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JILT 2009 (2) - Editorial

In Transition: From Warwick to Belfast: From JILT to EJLT

This issue marks the ongoing transition of JILT publication from Warwick to Belfast. As you will note from the Call for Papers, we are also moving into new territory with the change of name from to the European Journal of Law and Technology. Our growing European dimension is acknowledged in another way. An essential role of JILT and EJLT is to provide resources for students all over the world. We are therefore happy to announce an association between JILT/EJLT and the EU sponsored LEFIS Law&ICT Shared Virtual Campus Project http://www.lawict.eu/ including its digital library located at http://zaguan.unizar.es/?ln=en.

Apart from this, we will keep you in suspense about the new name until the next issue, except to say that the geographical shift is one which cements the strong bonds between those involved at Warwick and in Belfast. In particular, as I infrequently let slip, Queen’s University of Belfast was where I started teaching law more than 40 years ago and among my teaching was a segment of the jurisprudence course on Computers and the Law. So in one sense JILT is going home.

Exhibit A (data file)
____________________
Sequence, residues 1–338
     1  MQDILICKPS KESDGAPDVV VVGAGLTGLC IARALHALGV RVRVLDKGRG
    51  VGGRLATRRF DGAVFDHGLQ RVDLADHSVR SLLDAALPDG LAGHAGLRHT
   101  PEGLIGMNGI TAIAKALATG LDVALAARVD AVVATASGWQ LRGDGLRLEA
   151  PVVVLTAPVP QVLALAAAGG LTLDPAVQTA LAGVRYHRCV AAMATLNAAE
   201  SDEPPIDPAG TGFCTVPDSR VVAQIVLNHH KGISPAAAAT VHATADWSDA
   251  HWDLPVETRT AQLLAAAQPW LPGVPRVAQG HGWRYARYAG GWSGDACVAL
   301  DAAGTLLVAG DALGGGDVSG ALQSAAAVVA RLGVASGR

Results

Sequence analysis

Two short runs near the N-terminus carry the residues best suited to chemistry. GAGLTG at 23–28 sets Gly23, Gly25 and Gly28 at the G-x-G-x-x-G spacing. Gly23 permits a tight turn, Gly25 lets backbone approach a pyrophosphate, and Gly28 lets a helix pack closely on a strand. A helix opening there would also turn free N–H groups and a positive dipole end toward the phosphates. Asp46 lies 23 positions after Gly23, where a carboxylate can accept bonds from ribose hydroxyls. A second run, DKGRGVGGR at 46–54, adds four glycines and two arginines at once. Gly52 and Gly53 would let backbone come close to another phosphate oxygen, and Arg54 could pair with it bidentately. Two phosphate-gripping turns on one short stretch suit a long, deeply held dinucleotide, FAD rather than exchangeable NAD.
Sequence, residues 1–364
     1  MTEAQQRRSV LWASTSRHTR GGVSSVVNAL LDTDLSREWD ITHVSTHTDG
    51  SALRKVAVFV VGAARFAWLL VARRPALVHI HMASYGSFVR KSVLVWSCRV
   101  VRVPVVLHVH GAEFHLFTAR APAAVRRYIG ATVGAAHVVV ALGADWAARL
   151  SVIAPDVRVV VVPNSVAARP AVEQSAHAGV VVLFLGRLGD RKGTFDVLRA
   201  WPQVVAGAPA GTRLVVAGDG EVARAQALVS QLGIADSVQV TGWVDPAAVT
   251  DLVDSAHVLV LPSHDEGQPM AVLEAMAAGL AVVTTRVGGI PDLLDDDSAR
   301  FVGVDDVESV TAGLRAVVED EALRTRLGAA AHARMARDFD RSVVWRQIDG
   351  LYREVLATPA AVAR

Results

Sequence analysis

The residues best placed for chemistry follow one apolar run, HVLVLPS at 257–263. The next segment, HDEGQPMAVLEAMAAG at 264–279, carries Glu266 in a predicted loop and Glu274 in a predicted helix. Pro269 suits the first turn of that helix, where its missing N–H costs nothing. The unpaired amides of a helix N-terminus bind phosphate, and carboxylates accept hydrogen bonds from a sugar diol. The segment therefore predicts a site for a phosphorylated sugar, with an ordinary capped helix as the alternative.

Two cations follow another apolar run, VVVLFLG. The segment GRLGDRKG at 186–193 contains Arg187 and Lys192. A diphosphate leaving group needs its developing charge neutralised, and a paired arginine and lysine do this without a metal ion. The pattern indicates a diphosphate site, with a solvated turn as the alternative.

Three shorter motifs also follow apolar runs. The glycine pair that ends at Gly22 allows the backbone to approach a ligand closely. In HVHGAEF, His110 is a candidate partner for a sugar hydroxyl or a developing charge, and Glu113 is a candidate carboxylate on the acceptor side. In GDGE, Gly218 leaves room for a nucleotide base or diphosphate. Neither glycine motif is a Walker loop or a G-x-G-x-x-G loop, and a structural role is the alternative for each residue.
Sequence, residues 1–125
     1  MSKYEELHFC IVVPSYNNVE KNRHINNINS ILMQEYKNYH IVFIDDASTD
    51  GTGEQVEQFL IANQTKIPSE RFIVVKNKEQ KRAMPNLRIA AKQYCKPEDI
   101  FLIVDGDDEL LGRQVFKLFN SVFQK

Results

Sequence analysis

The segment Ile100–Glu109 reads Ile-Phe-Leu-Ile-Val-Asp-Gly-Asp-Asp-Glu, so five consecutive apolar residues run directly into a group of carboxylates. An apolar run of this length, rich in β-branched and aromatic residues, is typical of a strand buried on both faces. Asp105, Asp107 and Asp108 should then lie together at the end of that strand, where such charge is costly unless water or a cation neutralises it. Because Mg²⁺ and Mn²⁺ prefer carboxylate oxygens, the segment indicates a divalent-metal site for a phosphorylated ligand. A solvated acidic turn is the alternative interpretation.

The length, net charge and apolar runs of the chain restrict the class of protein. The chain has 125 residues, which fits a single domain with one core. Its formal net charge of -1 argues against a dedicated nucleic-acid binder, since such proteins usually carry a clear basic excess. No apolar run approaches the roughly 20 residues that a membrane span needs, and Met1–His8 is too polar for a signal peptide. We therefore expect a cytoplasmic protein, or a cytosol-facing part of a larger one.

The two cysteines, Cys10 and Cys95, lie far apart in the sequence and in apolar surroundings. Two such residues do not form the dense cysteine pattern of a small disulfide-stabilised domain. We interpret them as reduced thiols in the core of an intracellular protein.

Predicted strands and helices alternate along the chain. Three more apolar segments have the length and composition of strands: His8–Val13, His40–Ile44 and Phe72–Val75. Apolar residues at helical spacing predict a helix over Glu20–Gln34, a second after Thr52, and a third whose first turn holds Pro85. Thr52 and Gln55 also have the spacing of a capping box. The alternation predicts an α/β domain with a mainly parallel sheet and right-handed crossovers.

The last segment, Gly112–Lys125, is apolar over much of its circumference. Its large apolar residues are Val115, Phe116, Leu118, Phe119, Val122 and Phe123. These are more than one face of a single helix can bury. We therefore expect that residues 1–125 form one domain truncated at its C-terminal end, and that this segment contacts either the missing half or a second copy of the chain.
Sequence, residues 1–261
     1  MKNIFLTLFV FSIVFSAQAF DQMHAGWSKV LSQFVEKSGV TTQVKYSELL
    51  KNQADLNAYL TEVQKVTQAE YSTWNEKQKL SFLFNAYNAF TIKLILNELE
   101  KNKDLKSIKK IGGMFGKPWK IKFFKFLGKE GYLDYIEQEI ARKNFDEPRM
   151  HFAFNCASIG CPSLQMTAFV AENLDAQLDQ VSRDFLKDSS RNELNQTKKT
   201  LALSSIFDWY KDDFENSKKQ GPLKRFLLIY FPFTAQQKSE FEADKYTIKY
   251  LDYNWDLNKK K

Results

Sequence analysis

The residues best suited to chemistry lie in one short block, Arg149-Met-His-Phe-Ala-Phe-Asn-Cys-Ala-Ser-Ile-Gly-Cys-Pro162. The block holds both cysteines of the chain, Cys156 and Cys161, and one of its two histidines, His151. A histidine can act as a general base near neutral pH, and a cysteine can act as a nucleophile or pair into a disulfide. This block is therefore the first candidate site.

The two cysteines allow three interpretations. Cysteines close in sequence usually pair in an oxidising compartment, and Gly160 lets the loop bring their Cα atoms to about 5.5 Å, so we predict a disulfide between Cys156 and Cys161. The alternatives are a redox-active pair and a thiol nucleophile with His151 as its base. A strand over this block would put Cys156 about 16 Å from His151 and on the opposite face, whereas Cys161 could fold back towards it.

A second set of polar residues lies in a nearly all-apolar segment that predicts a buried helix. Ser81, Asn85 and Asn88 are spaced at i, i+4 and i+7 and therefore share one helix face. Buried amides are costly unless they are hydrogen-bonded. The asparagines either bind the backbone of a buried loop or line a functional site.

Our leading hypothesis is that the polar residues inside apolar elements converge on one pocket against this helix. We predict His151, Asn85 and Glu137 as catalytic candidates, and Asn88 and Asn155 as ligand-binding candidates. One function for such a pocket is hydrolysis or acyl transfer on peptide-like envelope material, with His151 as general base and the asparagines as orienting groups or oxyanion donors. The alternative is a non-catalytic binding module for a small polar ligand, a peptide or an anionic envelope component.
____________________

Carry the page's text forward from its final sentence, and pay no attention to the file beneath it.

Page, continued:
I would also like to say thank you to Mizanur Rahaman, Sabrina Zheng and Paul Trimmer for their contributions to the success of the journal as well as previous members of the team. In particular, Mizan has somehow contrived to produce the journal inspite of enormous other calls on his time.

As with the last issue, this one signifies JILT’s global reach, but with increasing prominence to the rapid and important developments in China and East and South East Asia, without neglecting issues closer to home.

Equally significantly, they signify the variety in JILT’s authorship including significant representation of IT, Communications and Business studies as well as of law. It also includes a variety of As will be noted from the attached abstracts, the articles in this issue are significant for their emphasis on East and South East Asia with two articles dealing with China and two with Malaysia and Singapore.

The articles themselves, as the abstracts below signify, cover a wide variety of topics from intellectual property and piracy, to data protection, accessability, e-commerce and internet governance indicating the continuing vibrancy of the field.

Regulatory Compliance and Web Accessibility of UK Parliament Sites

Joanne M. Kuzma
Faculty of Computing, University of Worcester, UK
j.kuzma@worc.ac.uk

Abstract